Surfing in Sweden

By Karl Roos - May 22, 2019

Sweden – One of the world’s more unusual surfing spots. In this blog article we’re travelling closer to our home and exploring the surfing spots in Skåne, Sweden. 

Skåne is Sweden’s most southern state and provides pretty exciting surfing opportunities since it has coast lines facing both west, east and south.

From the Suntribe offices in Lund, we have about an hour drive to all the prime spots in Skåne. Some popular spots are Vik/Knäbäckshusen in the east, Kåseberga in the south and Mölle in the west. In this article you can see videos and pictures from both Mölle and Vik. Below is a video of a Suntribe surfing adventure in the famous east coast spot Mölle.

What it Means to Go Surfing in Sweden​

Most people that surf in Sweden learned elsewhere, and got back into the hobby once they came back home. However not everyone! During our travels we’ve met Swedish surfers that both learned and became good surfers in the cold and windy conditions on offer. One thing is for sure: Surfing in Sweden develops character. You find yourself standing naked in 0 degrees and strong winds, fumbling with the wetsuit. You get brain freezes before you’ve even reached the line-up. You get freezing water rushing through your wetsuit at every wipeout. And still, on a good day, you’re definitely not alone.

As the video clearly shows, surfing in Sweden is not the picture-perfect paradise that is usually associated with the sport. It’s rough and windy, and usually the best place to change into your wetsuit is crouched down behind the door of the car. 

Good waves are created from wind far out at sea. The greater the distance between the origin of the waves and the coast, the better the waves are usually. This is called fetch. Sweden has very little fetch, and thus when the waves arrive to our shores the wind is in 99% of the cases still going very strong.

That means that for surfing in Sweden, it’s almost always a good idea to wear a thick wetsuit, gloves, shoes and a hoodie.

Most people that surf in Sweden learned elsewhere, and got back into the hobby once they came back home. However not everyone! During our travels we’ve met Swedish surfers that both learned and became good surfers in the cold and windy conditions on offer.

One thing is for sure: Surfing in Sweden develops character. You find yourself standing naked in 0 degrees and strong winds, fumbling with the wetsuit. You get brain freezes before you’ve even reached the line-up. You get freezing water rushing through your wetsuit at every wipeout. And still, on a good day, you’re definitely not alone.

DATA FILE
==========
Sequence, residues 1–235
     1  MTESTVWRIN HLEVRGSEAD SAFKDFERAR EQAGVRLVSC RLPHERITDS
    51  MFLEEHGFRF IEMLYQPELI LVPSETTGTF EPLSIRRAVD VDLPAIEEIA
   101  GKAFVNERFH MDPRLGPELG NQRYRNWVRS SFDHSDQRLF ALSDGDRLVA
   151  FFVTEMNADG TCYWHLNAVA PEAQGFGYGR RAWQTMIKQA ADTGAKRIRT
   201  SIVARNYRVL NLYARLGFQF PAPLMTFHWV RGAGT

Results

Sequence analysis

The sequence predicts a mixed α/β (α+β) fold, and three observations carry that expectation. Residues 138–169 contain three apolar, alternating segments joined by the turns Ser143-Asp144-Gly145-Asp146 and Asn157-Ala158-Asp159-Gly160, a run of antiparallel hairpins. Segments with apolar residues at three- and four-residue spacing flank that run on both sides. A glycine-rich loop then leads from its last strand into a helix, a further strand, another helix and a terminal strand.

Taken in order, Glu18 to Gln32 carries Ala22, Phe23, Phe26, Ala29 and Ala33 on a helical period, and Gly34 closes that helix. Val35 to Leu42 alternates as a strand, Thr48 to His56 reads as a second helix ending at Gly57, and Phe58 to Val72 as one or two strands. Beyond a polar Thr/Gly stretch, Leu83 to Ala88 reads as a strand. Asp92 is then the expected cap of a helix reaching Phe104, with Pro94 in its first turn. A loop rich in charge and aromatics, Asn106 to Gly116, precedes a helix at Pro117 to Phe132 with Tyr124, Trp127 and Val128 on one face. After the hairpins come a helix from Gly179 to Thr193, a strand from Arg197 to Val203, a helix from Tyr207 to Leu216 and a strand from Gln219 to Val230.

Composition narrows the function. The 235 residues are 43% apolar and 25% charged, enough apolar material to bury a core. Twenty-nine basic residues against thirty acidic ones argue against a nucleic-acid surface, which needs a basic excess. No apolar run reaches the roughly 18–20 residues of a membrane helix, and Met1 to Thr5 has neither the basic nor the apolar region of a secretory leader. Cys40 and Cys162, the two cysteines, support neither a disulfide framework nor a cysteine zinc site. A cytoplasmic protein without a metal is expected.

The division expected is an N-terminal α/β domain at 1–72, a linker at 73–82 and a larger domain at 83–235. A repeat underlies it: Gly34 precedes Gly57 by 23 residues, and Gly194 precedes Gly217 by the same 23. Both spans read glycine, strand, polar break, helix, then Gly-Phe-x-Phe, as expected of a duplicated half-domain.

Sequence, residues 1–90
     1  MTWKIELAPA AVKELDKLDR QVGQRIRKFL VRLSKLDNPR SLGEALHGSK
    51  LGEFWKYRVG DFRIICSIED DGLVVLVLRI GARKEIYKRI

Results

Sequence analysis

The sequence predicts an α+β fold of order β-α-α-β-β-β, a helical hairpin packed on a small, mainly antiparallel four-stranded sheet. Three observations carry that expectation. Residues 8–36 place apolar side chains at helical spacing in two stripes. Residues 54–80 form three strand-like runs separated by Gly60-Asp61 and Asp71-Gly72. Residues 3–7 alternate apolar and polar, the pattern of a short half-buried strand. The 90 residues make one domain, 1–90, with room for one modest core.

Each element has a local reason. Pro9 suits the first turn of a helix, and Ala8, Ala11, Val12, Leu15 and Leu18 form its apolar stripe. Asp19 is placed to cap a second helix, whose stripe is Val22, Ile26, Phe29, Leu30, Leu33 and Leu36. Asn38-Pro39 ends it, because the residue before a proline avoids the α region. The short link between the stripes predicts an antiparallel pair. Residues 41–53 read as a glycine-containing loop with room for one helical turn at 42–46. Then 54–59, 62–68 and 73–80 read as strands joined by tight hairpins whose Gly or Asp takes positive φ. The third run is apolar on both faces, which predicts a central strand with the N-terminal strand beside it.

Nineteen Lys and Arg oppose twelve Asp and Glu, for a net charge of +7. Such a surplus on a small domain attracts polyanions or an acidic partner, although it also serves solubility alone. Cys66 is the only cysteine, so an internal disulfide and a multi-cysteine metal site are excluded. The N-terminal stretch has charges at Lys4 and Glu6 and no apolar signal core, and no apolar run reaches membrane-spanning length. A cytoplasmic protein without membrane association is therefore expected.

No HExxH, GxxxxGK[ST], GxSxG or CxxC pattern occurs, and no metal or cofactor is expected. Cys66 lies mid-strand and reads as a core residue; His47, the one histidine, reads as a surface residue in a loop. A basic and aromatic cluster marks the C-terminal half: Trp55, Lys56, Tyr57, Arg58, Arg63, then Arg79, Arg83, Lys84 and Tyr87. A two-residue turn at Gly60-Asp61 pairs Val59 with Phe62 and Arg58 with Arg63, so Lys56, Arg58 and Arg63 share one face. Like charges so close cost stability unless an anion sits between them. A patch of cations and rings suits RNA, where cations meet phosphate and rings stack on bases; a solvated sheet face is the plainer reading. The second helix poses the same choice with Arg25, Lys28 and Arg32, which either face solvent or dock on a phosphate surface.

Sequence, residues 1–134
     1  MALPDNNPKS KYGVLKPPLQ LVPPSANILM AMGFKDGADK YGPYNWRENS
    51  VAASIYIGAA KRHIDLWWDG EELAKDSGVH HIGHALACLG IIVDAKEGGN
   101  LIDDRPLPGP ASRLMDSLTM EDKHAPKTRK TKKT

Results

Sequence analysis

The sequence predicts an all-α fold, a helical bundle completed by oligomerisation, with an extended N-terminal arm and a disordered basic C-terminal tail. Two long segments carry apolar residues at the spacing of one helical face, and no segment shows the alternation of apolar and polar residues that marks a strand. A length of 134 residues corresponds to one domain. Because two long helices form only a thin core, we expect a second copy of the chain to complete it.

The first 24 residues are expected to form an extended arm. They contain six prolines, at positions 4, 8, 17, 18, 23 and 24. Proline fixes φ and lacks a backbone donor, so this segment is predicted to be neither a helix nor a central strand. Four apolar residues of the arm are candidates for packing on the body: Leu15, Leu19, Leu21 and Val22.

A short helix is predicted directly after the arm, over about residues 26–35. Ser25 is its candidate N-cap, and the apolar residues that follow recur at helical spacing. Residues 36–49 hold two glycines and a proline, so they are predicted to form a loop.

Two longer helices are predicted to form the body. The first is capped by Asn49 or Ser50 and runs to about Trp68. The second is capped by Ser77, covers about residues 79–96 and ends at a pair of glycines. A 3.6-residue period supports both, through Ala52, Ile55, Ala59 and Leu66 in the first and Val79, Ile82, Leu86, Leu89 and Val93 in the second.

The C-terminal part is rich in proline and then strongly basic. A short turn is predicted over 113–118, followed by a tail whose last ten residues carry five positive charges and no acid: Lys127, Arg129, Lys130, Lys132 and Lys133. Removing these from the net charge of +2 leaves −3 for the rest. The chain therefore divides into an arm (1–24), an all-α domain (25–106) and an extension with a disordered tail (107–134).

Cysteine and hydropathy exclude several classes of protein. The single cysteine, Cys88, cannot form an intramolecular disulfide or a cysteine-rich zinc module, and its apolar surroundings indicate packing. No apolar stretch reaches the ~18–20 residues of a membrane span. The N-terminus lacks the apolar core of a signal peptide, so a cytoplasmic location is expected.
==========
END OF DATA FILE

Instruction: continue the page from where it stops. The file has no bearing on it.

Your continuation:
The Community

The surfing community in Sweden is an interesting bunch. There’s the classic middle-aged viking surfers, rolling up in their old model Volvos, carrying anything from fun hybrid boards to classical longboards. Often with a bit of a beard full of icicles and a sly smile. 

There’s the classic grommets. Younger surfers jumping around on the parking lot, almost always with small performance thruster boards. Then there’s the international crew. These surfers often look suspiciously at the harsh conditions, before realising there are no alternatives if you want a wave. Finally they get changed on the freezing parking lot. 

When you learn surfing in Southern Europe, Australia, America – or really anywhere with proper surf conditions – the Swedish surf is a daunting prospect at first. However, most of these guys ultimately end up loving the experience, because it really is unique. 

Surfing during Swedish Summer

Even though the waves are more consistent and generally better in the autumn and winter time, surfing in Sweden is not all icy winds and freezing waters. In the summer, you could arrive at a Swedish beach and completely loose your sense of time. The air temperature can be around 25-30 degrees Celsius, the water temperature around 20 degrees, and the sun is up until after midnight.

Last summer we had trips where we first surfed during the morning, then had a full day outside, and then around 8pm we prepared ourselves for the last session of the day. Came in the water at around 9pm and could surf in an endless sunset for another 2-3 hours before we got too tired to keep going. Then we ended it all with a fire on the beach and sleeping in tents.

In Sweden anyone can pitch a tent anywhere, so the surfing lifestyle gets another dimension and you can commonly see surfers camping out along the spots when the forecasts are talking about potential good waves.

To finish off here’s a video of our summer adventures in Southern Sweden, on this trip we went to Knäbäckshusen on the East Coast. It was the only surf that year where we saw people surfing without wetsuits. Enjoy!

For winter surfing in Sweden we use the body butters to make the skin feel regenerated again after being pounded by the ice cold water. For summer surfing, either the Body & Face or Face & Sport sunscreen offer great sun protection. Check them out in the shop.

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